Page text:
Overall, the prevalence of active trachoma was found to be 53.9% (95%CI 49.6%–58.2%). Presence of fly-eye (fly contact with the eyelid margin during eye examination) (Odds Ratio (OR) = 4.03 95% CI 1.40–11.59), absence of facial cleanliness (OR = 7.59; 95%CI 4.60–12.52), an illiterate mother (OR = 5.88; 95%CI 2.10–15.95), lack of access to piped water (OR = 2.19; 95%CI 1.14–6.08), and lack of access to latrine facilities (OR = 4.36; 95%CI 1.49–12.74) were statistically significantly associated with increased risk of active trachoma.

Conclusion

Active trachoma among children 1–9 years of age in Ankober is highly prevalent and significantly associated with a number of risk factors including access to water and latrine facilities. Trachoma prevention programs that include improved access to water and sanitation, active fly control, and hygiene education are recommended to lower the burden of trachoma in Ankober, Ethiopia.

Introduction

Trachoma is the leading cause of infectious blindness in the world [1]. It is most prevalent in developing countries where poverty, insufficient access to clean water, sanitation facilities and health resources are continuing problems. The World Health Organization (WHO) estimates that trachoma is endemic in 56 countries, most lying within Africa and the Middle East, and causes 3.6% of all blindness [1]. It is currently reported that close to 1.3 million people are blind from trachoma while about 84 million people suffer from active trachoma. Given the enormity of the disease, WHO launched the Alliance for the Global Elimination of Trachoma (GET) by 2020 using the ‘SAFE’ strategy[2],[3]. The strategy has four components: Surgery, Antibiotics, Facial cleanliness and Environmental sanitation[2], [3].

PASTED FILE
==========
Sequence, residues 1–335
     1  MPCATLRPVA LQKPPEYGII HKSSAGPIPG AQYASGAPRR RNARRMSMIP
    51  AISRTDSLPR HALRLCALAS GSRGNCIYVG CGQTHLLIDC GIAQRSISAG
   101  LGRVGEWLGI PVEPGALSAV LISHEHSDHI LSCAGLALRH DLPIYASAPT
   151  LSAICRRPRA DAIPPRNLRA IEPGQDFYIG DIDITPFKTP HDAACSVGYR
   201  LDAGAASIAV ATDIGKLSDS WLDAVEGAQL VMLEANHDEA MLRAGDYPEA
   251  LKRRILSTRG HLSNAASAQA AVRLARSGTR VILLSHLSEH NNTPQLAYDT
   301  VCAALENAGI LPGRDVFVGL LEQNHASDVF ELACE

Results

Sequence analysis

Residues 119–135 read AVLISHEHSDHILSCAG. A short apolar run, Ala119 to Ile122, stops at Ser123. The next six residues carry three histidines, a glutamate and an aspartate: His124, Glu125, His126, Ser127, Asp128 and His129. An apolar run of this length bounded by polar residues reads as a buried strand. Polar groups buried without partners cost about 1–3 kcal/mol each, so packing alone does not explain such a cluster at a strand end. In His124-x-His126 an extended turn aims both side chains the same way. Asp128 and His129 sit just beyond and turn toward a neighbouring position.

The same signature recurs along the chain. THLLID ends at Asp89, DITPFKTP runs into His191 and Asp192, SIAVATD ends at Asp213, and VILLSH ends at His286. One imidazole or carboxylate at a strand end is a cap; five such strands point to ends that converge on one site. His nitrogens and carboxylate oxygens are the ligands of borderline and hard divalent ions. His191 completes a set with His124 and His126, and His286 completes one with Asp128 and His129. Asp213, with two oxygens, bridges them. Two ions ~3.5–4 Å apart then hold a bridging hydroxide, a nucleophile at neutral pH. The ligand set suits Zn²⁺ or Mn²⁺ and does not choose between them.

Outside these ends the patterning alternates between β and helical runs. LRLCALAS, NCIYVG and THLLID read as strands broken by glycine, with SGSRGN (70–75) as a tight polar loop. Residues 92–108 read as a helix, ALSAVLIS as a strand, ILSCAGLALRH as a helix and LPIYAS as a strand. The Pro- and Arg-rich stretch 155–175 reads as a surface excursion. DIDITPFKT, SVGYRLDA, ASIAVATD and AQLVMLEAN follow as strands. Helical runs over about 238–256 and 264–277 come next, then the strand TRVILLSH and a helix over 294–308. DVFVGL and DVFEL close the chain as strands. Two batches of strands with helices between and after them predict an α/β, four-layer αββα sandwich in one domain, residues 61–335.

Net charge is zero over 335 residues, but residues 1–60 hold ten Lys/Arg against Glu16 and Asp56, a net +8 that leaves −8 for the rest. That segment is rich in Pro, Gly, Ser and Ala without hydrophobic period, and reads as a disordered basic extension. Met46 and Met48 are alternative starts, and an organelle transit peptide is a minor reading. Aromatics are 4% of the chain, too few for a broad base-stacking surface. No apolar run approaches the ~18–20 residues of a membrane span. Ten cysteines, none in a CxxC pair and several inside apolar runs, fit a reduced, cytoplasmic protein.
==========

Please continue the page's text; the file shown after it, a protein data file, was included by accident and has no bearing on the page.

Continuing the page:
Trachoma is caused by infection with the Chlamydia trachomatis bacterium, may be transmitted by fomites, direct contact, and the eye-seeking fly Musca sorbens which lays its eggs on exposed human feces [4], [5]. Trachoma clusters within family members with increased risk among caretakers [6]. Notably studies have shown that women and young children (especially 1–9 years) are at the greatest risk for contracting and transmitting trachoma [3], [7].

The National Blindness and Low Vision Survey, conducted in 2006, has estimated that trachoma is the second major cause of blindness and the third major cause of low vision in Ethiopia [8], [9]. It is estimated that nearly 10 million children presently show clinical signs of trachoma [8], [9]. Previous research indicates that risk factors among this population are most commonly: infrequent face washing practices, numerous eye-seeking flies, crowding, lack of latrines, livestock in the household, lack of chimney and lack of garbage disposal facilities [10], [11], [12]. Factors most consistently associated with trachoma have been inadequate access to water and sanitation [13], [14]. There has also been evidence that altitude may be a risk factor; however this finding is contradictory [7], [15].